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Is this cheating?

Discussion in 'General Instruction [BG]' started by funkybass, Sep 26, 2010.


  1. funkybass

    funkybass

    Oct 19, 2006
    Indiana
    When I'm learning a song by ear I find it helpful to print a chord chart. I'll try it without one first, but if I get stuck I'll print one out. Is that cheating?
     
  2. Jazz Ad

    Jazz Ad Mi la ré sol

    Yes. Sheet music in any form is always cheating.
    Man, these classical musicians are such slackers.
     
  3. cassanova

    cassanova

    Sep 4, 2000
    Florida
    No it's not cheating. There's no specific rule as to how you must go about learning a song. What matters most is how you play the material you learned.
     
  4. mtshark

    mtshark

    Nov 28, 2008
    Um, who cares? Assuming you preform the song, the audience is going to hear the same song regardless if you learned it by ear or with sheet music of some sort.
     
  5. nutdog

    nutdog when I'm a good dog they sometimes throw me a bone Supporting Member

    Feb 19, 2009
    in the dog house
    It's only cheating if you get caught.
     
  6. john_g

    john_g Supporting Member

    Sep 14, 2007
    Pennsylvania
    Yes, you will be visited by three ghosts....
     
  7. th_Pointless.jpg
     
  8. Third Basser

    Third Basser

    Jul 6, 2010
    if you're learning by ear, then it's best to not use chord charts because you're defeating the purpose of ear training, and the chord charts will become a crutch. Try to just listen to the notes and find them on the fretboard. you're using 2 different parts of your brain to process written information vs. auditory information. if you want to advance your ear training, it's best to keep those separate (so I say yes, it's cheating!)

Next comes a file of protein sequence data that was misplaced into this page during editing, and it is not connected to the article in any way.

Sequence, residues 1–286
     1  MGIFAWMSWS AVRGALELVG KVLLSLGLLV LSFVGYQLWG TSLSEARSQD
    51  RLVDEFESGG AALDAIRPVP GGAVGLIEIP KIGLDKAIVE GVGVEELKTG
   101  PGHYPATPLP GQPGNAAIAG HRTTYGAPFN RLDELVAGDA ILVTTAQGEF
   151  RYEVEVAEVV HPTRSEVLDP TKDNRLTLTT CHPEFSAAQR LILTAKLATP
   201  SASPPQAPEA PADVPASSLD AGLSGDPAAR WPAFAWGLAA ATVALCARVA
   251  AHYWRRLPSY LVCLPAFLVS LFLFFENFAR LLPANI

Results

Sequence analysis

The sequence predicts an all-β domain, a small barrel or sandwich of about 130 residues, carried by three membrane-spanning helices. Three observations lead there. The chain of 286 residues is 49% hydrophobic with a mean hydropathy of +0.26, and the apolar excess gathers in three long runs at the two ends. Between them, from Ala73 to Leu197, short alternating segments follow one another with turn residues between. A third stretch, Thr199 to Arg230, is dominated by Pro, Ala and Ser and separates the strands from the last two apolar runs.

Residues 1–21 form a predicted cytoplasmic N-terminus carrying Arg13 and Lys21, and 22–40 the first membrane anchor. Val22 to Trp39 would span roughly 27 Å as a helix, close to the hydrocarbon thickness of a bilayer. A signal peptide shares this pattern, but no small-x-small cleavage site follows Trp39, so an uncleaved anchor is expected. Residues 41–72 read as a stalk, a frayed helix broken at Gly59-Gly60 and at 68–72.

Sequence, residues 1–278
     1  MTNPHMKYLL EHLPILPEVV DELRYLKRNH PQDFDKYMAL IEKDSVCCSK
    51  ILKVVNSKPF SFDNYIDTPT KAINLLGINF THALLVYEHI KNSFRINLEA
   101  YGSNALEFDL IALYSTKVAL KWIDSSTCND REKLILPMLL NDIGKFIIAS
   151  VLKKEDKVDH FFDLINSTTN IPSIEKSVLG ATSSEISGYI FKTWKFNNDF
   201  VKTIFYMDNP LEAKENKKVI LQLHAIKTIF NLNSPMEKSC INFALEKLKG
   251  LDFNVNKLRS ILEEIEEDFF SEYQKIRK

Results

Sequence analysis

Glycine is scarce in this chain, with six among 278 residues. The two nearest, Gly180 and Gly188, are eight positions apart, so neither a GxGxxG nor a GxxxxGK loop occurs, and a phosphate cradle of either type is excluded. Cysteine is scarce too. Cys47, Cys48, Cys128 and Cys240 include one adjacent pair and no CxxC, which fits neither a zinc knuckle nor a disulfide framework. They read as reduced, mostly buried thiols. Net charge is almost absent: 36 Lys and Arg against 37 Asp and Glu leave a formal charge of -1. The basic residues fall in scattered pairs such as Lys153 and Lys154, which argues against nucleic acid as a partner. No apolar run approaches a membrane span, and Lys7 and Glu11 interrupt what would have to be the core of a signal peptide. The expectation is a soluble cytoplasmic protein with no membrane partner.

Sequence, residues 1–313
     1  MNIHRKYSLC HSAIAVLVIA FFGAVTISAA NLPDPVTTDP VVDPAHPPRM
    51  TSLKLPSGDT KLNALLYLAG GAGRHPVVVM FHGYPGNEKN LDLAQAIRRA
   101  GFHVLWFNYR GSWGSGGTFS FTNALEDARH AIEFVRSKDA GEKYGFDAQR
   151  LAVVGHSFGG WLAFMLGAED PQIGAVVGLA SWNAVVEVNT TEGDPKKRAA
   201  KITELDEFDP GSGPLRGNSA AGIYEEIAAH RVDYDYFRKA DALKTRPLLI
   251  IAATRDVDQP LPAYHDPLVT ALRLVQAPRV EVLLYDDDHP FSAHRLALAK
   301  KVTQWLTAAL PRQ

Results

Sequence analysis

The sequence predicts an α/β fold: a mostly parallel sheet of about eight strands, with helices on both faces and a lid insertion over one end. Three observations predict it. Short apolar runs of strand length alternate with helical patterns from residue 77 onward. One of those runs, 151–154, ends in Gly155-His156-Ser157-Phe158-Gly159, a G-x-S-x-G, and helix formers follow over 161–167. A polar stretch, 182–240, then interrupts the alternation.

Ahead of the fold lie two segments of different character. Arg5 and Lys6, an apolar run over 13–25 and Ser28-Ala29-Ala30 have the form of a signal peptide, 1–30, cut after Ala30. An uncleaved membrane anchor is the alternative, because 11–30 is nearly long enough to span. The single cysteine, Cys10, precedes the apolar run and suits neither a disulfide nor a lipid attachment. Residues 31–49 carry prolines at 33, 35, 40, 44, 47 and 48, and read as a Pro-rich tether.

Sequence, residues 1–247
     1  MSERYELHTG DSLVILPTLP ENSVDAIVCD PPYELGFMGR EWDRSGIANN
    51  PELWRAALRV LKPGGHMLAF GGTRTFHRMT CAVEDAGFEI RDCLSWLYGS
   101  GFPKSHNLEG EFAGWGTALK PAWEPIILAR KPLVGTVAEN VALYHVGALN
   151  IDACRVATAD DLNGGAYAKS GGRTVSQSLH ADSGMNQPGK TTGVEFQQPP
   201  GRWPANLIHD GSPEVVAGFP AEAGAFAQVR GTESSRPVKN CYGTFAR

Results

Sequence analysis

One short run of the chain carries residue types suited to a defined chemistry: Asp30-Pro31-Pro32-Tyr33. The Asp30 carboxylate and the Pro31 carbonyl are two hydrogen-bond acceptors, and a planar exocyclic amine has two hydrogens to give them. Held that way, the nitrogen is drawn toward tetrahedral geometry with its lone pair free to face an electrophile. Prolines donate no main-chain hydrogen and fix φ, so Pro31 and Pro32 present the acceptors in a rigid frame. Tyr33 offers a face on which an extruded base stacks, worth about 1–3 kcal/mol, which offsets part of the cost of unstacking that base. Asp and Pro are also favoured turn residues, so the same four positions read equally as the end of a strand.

9. mambo4

    mambo4

    Jun 9, 2006
    Dallas
    I suppose "by ear" means no chart. But there is a difference between working out a chart foe yourself, by ear, and downloading the chords to "cheat" ...
     
  10. Pilgrim

    Pilgrim Supporting Member

    Learn ANY WAY that helps you. People's brains are wired differently - and we all learn a bit differently.
     
  11. MrLenny1

    MrLenny1

    Jan 17, 2009
    New England
    My students learn tunes by ear, at least the riffs but can't play a whole
    tune. They are lost because they don't know the form which a
    chord chart will help avoid. A chart will also save a lot of time in band
    rehearsal.
     
  12. funkybass

    funkybass

    Oct 19, 2006
    Indiana
    that post is pointless. I'm mainly trying to learn songs by ear, not for a band situation. There have been times i get stuck and look at a chord chart. I get frustrated sometimes.
     
  13. paganjack

    paganjack

    Dec 25, 2007
    Los Angeles, CA
    This is very true. If you feel inhibited by it (which evidently you do) then work to not use them anymore. However the act of writing up a chord chart could be a helpful part of your learning process. It transfers the material from an auditory realm into a visual realm, where you can see a diagramming of the song. Maybe you are a more visual learner, and it helps you.

    Don't feel too guilty about it. I'm sure that the more you practice a given song the less you will need the charts.
     
  14. wemmick

    wemmick

    May 23, 2010
    Washington, DC
    I think using the chord chart is a good way to start. After that I take that in two directions.

    First, I learn the changes so that I can ignore the chart and start listening. Make the music, don't play the chart.